Do techies really understand cyber risk?
The question came up after reading two recent papers published by sources you would expect to have more authority on the matter.
Cybersecurity Involves the Whole Business
Lockheed Martin, the Bethesda, Md.-based global security and aerospace consultancy and solutions provider, has positioned itself as an expert in the cybersecurity area. Its Practical Guide to Measuring Cyber Resiliency and Effectiveness (registration) published earlier this year provides some value, but also some major issues.
The authors suggest a seven step process for establishing “an effective, sustainable computer network defense program.”
Let’s start with the fact that cyber is a business issue, not just an IT one.
Yet, the report recommends only techies for this defense team, a team of three “highly-skilled Technical Leads and Cyber Analysts with experience in Threat Monitoring, Incident Response, Cyber Threat Intelligence, Malware Analysis, and Computer Forensics, DevOps, Analytics, and general cybersecurity and IT skills.”
Nowhere is there any mention of the need to involve business personnel.
Where Does the Risk Lie?
Consider this hypothetical situation:
Imagine we are in a conference room and hear a loud BANG from outside. We run to the window and see that a large safe has landed in the middle of the parking lot. Security guards rush to surround it. They string barbed wire around the safe, with bright lights and 24-hour monitors.
But then an executive appears and tells a guard to open the safe.
The executive looks around and spots a wicker basket against the fence, close to an exit from the lot.
He strolls over and sees the crown jewels wrapped in tissue paper in the basket.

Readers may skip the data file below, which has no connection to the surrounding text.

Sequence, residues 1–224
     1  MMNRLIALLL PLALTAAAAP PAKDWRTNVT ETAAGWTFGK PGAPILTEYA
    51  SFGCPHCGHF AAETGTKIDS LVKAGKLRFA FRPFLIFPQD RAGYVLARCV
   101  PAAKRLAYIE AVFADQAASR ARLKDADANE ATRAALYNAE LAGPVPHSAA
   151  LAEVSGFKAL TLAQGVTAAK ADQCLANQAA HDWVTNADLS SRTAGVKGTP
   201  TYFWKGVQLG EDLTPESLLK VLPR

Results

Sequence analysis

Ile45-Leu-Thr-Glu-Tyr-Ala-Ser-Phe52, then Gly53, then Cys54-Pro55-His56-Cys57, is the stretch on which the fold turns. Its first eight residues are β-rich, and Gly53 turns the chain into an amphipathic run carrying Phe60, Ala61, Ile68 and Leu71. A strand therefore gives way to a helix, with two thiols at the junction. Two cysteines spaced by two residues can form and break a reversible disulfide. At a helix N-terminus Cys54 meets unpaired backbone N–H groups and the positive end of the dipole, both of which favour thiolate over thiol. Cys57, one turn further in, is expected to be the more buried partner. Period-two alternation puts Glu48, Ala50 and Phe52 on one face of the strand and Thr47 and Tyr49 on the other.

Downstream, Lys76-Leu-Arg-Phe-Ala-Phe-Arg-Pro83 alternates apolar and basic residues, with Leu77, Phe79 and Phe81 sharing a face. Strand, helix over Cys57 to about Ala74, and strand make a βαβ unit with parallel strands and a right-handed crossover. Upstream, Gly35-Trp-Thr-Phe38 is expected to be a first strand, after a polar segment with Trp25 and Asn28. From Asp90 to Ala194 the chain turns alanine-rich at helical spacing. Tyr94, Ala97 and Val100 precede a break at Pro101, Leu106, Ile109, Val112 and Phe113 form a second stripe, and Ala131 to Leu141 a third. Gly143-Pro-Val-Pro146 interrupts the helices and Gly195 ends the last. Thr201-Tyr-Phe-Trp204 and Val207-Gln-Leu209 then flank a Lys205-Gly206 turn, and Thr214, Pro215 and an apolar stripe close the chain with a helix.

The point? Protect what needs to be protected: Before you set up a cybersecurity program or any other form of control, establish what assets are at risk.
Yet the report fails to mention any form of risk assessment.
The risk cyber poses isn't to the technology or network — it is the effect on the achievement of a business objective.
Ignoring Cybersecurity 101
The guide has additional issues, including that its analysis assumes that all attacks can be detected — a big assumption to make which is not credible in my view. It leaves out any mention of risks introduced by mobile or cloud applications and services.
The report also omits any discussion of threats to the organization through attacks on the extended enterprise. Many organizations have outsourced services to a third party, which potentially may be at risk. Attacks on partners in the extended enterprise may give intruders access to your network and systems.
Finally, many intruders are attacking employees’ personal devices and systems — and could gain access that way.
Even the basic tactic of educating the organization to be security-conscious — including avoiding clicking on links or attachments that introduce malware or creating better passwords — is ignored.
Where Are the Cyber Experts?
I had higher expectations of The Cyber Threat Risk — Oversight Guidance for CEOs and Boards, with its foreword by Sameer Bhalotra, former White House Senior Director for Cybersecurity, but the same criticisms apply.
The paper includes no business risk assessment, no mention of mobile or the cloud, a security-conscious culture is absent and ignores the extended enterprise.
While its description of the problem we face, its emphasis on detection as well as prevention and discussion of mean-time-to-detect and mean-time-to- respond raises the content higher than the Lockeed Martin post, it still falls short in my opinion.
Most of the techies I know understand my concerns, but I have to ask when so-called "cyber experts" write and share papers like these.
I welcome your thoughts.
Title image Matthew Wiebe
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